The rationale for choosing this study site was the fact that Umzimkulu is categorised as rural, as opposed to urban. The 10 high schools (which offer teaching in Grades 10 to 12) were selected on the basis of easy accessibility, geographical proximity, and respondents' relevance and willingness to participate in the study, given my time and financial constraints. Convenience sampling, as a type of nonprobability or non-random sampling, was preferred because the participants met certain practical criteria such as the ones indicated above (Creswell, 2009). The selection of the respondents in this research was purposive in nature. This permitted me to sample the participants that were relevant to the objective posed (Bryman & Bell, 2015). According to Landsverk, Brown, Chamberlain, Palinkas, Ogihara, Czaja, Goldhaber-Fiebert, Rolls Reutz and Horwitz (2012), a purposive sampling approach is a non-probability method of sampling that is widely used in qualitative research for the identification and selection of information-rich cases related to the subject under investigation. It places the investigator's research questions and objectives at the heart of the sampling considerations (Bryman & Bell, 2015). In this research, purposive respondent selection consisted of the RCLs from the 10 high schools that were identified as the population of interest. An arrangement was made with the principals of the 10 schools with regard to how and when to meet with their learners. Time slots that would not interfere with the teaching and learning at these schools were arranged.

As a means of collecting data, I used semi-structured one-on-one interviews with open-ended questions. Some questions that featured in the study were the following:

1) How does your upbringing influence your interaction with adults?

2) How do you perceive the attitudes of the adult members of the SGB towards you as learners?

3) How do adult members of the SGB treat you during SGB meetings?

4) How confident are you in airing your views in the midst of elderly people?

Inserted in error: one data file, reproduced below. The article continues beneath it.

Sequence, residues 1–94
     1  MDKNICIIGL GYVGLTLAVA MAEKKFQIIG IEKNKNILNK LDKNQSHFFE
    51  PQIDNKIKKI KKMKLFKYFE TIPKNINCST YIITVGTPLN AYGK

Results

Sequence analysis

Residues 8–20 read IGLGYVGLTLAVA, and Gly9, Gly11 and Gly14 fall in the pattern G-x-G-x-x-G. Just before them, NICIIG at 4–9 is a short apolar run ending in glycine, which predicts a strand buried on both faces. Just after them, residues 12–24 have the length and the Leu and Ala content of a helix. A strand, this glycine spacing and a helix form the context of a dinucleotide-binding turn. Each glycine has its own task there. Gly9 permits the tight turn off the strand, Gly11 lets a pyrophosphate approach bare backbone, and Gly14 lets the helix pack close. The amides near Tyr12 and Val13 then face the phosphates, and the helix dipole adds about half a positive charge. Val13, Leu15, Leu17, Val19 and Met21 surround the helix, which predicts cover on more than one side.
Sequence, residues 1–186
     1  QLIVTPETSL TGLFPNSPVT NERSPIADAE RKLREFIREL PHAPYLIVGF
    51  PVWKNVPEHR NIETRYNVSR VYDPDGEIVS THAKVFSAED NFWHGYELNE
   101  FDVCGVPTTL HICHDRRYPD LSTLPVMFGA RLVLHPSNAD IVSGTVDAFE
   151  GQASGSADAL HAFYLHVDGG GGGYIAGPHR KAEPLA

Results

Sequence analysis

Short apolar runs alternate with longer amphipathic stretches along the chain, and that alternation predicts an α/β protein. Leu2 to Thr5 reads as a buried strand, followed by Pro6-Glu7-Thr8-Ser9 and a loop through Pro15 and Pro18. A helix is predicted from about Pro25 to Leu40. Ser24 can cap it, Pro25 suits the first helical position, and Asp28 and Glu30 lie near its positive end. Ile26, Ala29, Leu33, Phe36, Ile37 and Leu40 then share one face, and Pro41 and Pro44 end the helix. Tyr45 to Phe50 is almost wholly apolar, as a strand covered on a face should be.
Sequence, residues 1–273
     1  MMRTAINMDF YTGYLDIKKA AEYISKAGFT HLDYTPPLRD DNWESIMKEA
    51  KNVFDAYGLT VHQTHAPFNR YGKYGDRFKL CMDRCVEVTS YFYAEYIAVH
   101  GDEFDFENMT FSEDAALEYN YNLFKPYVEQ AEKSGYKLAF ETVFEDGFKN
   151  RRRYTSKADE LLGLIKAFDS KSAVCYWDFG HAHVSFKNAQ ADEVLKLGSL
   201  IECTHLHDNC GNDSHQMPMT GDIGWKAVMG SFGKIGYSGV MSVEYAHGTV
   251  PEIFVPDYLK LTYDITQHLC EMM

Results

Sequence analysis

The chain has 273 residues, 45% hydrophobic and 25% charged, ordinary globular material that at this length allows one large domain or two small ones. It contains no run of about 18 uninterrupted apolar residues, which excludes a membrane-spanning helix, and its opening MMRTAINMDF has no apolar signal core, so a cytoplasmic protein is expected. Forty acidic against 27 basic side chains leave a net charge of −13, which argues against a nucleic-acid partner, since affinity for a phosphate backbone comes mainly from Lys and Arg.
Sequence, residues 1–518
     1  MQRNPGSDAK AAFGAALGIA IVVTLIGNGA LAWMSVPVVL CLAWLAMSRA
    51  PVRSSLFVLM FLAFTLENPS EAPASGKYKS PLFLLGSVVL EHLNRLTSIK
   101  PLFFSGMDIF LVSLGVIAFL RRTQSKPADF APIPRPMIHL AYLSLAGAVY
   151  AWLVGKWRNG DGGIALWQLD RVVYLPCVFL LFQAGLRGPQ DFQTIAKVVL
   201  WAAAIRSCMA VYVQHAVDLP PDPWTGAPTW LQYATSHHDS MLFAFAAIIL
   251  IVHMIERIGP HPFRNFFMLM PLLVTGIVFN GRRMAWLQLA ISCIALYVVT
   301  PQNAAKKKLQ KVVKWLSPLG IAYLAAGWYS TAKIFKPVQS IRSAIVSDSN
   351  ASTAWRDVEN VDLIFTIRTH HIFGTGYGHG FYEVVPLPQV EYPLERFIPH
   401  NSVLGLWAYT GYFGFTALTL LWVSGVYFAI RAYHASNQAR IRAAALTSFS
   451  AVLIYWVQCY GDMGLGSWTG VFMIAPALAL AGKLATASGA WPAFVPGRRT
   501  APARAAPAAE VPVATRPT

5) During SGB meetings, do you feel like the adult members of the SGB are eager and looking forward to getting valuable ideas and opinions from you?

According to Mojtahed, Nunes, Martins and Peng (2014), semi-structured interviews comprise several key questions that help define the areas to be explored, but also allow the interviewer to deviate to pursue a response or an idea in more detail. Semi-structured interviews provide respondents with some guidance on what to talk about and further allow the detection or amplification of information that is important to the respondents, but may not have been previously regarded as relevant by the researcher (O'Leary, 2004). This research instrument was chosen because it permits the researcher to investigate questions, while at the same time ensuring evenness in the main questions raised to each participant. This instrument was also selected after having acknowledged the fact that the majority of the participants could find it difficult to respond to questions in means other than one-on-one interviews. This was based on the assertion that learners would not be able to get clarity on the questions if the one-on-one type interviews were not used.

The questions that featured in the interviews were first drafted in English, but were later translated into Zulu, the local language of the participants. After consultation with the respondents, interviews were conducted in Zulu and the participants were allowed to reflect on issues beyond those that featured in the interview questions. The direct two-way conversational communication gave room for substantial suppleness concerning the scope and depth of the interviews (Leedy & Ormrod, 2005). The questions that were raised in the interviews revolved around the role played by culture in determining the extent of effectiveness of learners as governors of schools in the rural areas of South Africa. As a means of ensuring the trustworthiness of the study, I confirmed that the interviews for each respondent were conducted using the same format and sequence of words and questions (Cohen, Manion & Morrison, 2011). After securing the respondents' informed consent, a video camera was used to gather data. During the whole process of data gathering, the respondents' right to anonymity and privacy was respected. The respondents were given assurance that the study was aimed at unearthing some of the challenges they faced as learner governors and that their anonymity would be respected. They were also assured that the information they provided would be treated in the strictest of confidence.